Everyone's Poem

Sara Nicholson

Life is pleasant. Paradise too
Dry or wet. Scarcity’s
A nail driven through the concrete
Slab in a garden, soon to be
Overcome by weeds, wildfire

Particles in the air. And so I
Willed for myself a life
Apart from you, one in which
Apricots fell freely to all
Who would eat them, no thirst

For money, the burnished coin
Of my rage. Yet all along
We were helping them to divide
Each week into units, wages
Exchanged for time or time’s

Pure potential, forms of play
Set apart from the hourly
Relation of one thing to all
Others, vexed by the spark
From which our sense of time

Derives. It shouldn’t come
As a shock to you, that I myself
Thrive on disbelief even as I
Queue up a song, am what isn’t
Right with the world, in other

Words, everything. How I long
To live, as angels do, in utter
Obedience to a power, whose law
Provokes no rumor of music
Favoring the hush that follows

A shift of tense or pronoun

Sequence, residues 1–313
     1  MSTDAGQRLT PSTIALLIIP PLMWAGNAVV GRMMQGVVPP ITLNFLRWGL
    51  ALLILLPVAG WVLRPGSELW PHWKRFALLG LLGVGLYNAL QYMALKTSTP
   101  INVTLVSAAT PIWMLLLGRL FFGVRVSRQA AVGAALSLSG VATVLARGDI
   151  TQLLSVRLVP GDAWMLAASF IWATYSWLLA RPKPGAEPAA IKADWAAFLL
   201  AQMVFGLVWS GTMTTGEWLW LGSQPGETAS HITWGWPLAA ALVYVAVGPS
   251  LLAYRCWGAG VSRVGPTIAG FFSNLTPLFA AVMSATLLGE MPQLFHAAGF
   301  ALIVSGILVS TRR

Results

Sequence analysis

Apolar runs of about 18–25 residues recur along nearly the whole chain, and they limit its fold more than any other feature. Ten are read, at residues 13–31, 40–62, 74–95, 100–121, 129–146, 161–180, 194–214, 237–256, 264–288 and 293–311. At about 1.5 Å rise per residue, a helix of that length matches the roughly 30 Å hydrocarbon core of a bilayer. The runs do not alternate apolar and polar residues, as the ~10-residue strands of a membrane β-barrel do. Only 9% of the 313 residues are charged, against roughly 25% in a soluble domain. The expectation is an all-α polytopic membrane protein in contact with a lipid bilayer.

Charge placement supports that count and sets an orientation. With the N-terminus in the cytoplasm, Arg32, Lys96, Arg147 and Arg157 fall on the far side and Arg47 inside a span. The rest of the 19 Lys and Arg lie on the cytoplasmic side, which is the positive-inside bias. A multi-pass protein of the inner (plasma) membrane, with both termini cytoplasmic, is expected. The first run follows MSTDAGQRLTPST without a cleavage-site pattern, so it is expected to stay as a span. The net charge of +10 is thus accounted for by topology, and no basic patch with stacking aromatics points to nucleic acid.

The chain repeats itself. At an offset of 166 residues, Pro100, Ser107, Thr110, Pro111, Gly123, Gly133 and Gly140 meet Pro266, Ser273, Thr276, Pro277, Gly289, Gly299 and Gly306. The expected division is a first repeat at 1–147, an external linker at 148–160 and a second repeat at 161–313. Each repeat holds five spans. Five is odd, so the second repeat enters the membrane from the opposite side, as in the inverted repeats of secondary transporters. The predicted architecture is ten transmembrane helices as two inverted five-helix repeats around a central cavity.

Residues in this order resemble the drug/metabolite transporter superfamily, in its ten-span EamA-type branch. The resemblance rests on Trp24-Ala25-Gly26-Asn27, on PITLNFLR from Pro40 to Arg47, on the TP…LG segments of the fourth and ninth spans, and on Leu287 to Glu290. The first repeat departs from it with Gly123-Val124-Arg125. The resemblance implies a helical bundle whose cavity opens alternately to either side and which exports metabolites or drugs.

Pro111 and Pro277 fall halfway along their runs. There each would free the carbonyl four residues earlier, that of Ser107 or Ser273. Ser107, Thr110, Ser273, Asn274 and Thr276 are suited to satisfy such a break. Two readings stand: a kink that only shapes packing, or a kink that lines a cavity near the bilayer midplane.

On cool May mornings, likely
Milder than the present
Climate crisis should permit.
I was in New York, I think

It was colder than it should be
Anywhere, a certain time of year
My scant affinity for rain
Misread, so that I could tell you
Writing it takes synthesizing

Everyone, everything and what
Each word means to you
Laid bare within the sentence
Leaves drying on the black top
Loosely iambic, wet with ash

Irrespective of how we define
A season, a series of hours
Distributed equally, as—as one
Overburdened by heat or snow—
I always found myself

Unprepared for it, lacking the right
Clothes, the so-­to-­speak right
To imagine a door opening onto
A field of sun-­burnt grasses
And white lilac, painfully sincere

Light spilling back into April
Privacy, all adjective minus
The gerund, obscuring my motives,
Ceasing to harbor the disparate
Business of stars along my route.

Sara Nicholson is the author of two books of poetry, What the Lyric Is and The Living Method. She lives in upstate New York.
Originally published:
May 19, 2021


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